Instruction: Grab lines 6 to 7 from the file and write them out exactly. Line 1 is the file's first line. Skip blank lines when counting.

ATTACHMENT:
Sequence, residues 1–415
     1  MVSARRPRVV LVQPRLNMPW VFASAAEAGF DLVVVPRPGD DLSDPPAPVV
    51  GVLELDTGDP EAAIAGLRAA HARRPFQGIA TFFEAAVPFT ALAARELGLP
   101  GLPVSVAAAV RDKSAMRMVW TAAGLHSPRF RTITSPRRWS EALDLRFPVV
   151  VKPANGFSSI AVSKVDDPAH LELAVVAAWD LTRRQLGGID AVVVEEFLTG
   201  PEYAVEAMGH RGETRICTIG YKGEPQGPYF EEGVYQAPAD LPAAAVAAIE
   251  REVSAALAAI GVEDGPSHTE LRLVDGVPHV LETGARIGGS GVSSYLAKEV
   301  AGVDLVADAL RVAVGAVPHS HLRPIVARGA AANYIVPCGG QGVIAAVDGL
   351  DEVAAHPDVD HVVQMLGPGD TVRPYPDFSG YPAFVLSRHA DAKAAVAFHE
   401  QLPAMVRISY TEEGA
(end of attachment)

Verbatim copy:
   201  PEYAVEAMGH RGETRICTIG YKGEPQGPYF EEGVYQAPAD LPAAAVAAIE
   251  REVSAALAAI GVEDGPSHTE LRLVDGVPHV LETGARIGGS GVSSYLAKEV